Grist List

Critical List: Earthquake shook nuclear plant too hard; new Energy Star labels for more efficiency

Last week's earthquake may have shaken a Virginia nuclear plant more than the plant was designed to withstand. There wasn’t much damage, but, uh, maybe it’s time to retrofit these older East Coast plants, just in case. Since Energy Star labels have come to mean next to nothing, there are new ones. Look for "most efficient" Energy Star labels to find appliances that meet the highest standards for energy saving. Japan passed a bill promising incentives for renewable energy, but companies are waiting for the government to hash out the details before they jump in.

James Hansen arrested at tar-sands protest

Prominent NASA climate scientist James Hansen, a vocal proponent of climate change action who has long warned about the greenhouse gas effects of tar-sands development, has been arrested while protesting outside the White House. Hansen went down there intending to be arrested, and it worked! So good job, Jim. Hopefully your message gets through.

Panda poop could revolutionize biofuels

One down side of biofuels like ethanol is that they rely on easily processed crops that are also staple foods. The more farm space is given over to raising corn, soybeans, and sugar for fuels, the less is available for raising those crops to feed humans. Luckily, scientists have just discovered microbes that could help turn waste plant matter like corn stalks and wood chips into fuel. All they needed was a little bit of panda poo.

Here's a quick roundup of the insane ways the right is reacting to Irene

If you thought Katrina represented the pinnacle of storm-related fail for right-wing politicians ... well, you're right. But that doesn't mean they don't really reach for the crazy when a lesser storm hits the East Coast. Current and former Republican presidential candidates and their little dog Fox were all whipped to great heights of lunacy by Irene's winds, and they busted out some grade-A artisanal tomfoolery over the weekend.

Monsanto fail: GMO crops are losing their pest control powers

Monsanto crops bred to thwart western corn rootworms, which love eating corn roots, are no longer are doing their job. The rootworms developed a resistance to the natural pesticide the crops produced and are chowing down. The alternatives for farmers: buy other genetically modified seeds (which will totally work forever!); spray nastier insecticides; abandon the economic model of monoculture and GMO crops. Guess which one's going to happen. Maybe which two out of three.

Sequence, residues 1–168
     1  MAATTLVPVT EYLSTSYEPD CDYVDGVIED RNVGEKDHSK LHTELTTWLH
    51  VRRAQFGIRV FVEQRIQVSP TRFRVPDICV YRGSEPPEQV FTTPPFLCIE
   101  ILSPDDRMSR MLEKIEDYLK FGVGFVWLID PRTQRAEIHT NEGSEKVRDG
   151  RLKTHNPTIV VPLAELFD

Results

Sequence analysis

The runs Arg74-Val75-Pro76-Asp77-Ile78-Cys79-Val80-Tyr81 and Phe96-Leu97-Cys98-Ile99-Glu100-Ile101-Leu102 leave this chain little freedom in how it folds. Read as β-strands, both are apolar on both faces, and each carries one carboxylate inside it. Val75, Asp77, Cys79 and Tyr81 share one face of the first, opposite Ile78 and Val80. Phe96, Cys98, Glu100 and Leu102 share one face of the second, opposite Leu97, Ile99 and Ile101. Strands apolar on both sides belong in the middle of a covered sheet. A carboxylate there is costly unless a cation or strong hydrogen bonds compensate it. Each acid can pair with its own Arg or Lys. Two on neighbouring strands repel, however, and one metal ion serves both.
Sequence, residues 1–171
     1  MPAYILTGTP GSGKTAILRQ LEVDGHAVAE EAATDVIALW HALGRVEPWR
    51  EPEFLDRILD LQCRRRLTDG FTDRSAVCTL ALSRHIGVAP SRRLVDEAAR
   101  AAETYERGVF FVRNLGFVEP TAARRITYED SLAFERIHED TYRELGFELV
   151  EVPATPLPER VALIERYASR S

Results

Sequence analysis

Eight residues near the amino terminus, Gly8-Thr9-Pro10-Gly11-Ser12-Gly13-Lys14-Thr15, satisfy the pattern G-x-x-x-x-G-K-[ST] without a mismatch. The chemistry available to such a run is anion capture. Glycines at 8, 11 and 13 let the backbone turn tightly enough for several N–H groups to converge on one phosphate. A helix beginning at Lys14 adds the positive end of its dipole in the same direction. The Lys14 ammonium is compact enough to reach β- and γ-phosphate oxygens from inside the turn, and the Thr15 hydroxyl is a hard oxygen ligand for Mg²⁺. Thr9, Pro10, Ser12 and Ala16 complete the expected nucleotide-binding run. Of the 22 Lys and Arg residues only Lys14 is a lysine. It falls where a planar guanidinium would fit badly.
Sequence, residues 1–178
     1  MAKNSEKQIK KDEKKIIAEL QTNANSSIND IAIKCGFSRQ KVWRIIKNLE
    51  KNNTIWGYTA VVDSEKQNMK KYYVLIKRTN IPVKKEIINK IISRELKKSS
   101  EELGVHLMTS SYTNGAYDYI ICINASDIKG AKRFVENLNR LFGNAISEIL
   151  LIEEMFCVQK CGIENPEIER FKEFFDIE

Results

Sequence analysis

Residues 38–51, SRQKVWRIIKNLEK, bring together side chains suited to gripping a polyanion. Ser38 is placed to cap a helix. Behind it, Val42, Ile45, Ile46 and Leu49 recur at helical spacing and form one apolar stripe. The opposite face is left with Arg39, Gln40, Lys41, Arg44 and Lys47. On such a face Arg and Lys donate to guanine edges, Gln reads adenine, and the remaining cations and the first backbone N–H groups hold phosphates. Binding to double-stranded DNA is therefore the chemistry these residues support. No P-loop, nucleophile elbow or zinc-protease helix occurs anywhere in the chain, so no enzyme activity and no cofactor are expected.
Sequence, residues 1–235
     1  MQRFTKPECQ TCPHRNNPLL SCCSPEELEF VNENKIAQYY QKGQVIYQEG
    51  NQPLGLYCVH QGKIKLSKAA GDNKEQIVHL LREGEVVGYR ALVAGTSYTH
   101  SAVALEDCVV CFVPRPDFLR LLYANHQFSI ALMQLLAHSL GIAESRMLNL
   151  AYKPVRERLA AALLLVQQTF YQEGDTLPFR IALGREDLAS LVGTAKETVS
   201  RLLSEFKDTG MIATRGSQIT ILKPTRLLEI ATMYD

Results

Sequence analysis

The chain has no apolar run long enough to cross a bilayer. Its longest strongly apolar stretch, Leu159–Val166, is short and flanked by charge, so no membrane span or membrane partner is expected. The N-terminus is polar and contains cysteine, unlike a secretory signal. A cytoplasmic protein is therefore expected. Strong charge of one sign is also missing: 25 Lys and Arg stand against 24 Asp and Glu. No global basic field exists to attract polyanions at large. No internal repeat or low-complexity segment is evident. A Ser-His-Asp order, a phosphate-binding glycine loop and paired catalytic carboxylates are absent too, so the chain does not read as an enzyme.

How the smart grid of the future will prevent power outages for millions

Right now there are millions of people without power thanks to the wind and heavy rainfall that accompanied hurricane Irene, and I'm one of them. It sucks. Having to call the utility company just to let them know that they've failed me once again is a symptom of our antediluvian electricity distribution system.  Commonwealth Edison of Northern Illinois thinks so, too. Recently, they explained to the Daily Herald how a smart grid would have prevented outages for hundreds of thousands of their customers in the wake of recent July storms.

American solar exports increased 83 percent in 2010

Who says America doesn't make things? Last year, we exported $5.63 billion worth of solar products: photovoltaic cells, modules, investors, capital equipment, polysilicon, and more, according to a new report from GTM Research and Solar Energy Industries Association. That's an 83 percent increase over the previous year

Global warming will make future hurricanes worse, full stop

Ignore the members of the peanut gallery bleating about whether or not we can blame hurricane Irene on global warming. What matters is that in the future, warmer temperatures will mean more moisture in the air, so more flooding. And higher sea levels will make cities, especially New York, substantially more vulnerable to storm surges. Elizabeth Kolbert, in The New Yorker: Are more events like Irene what you would expect in a warming world? Here the answer is a straightforward “yes."

Brit gives NIMBYists the tongue-lashing they deserve

Writing in the Times (of New York, not London), Roger Cohen points out that even though 82 percent of Brits are in favor of wind power, only one in three on-shore projects is ever built, owing to "Not in My Back Yard" attitudes. Apparently Her Majesty’s citizens are all for wind power as long as it happens in one of the colonies. (“We still have colonies, right?”)

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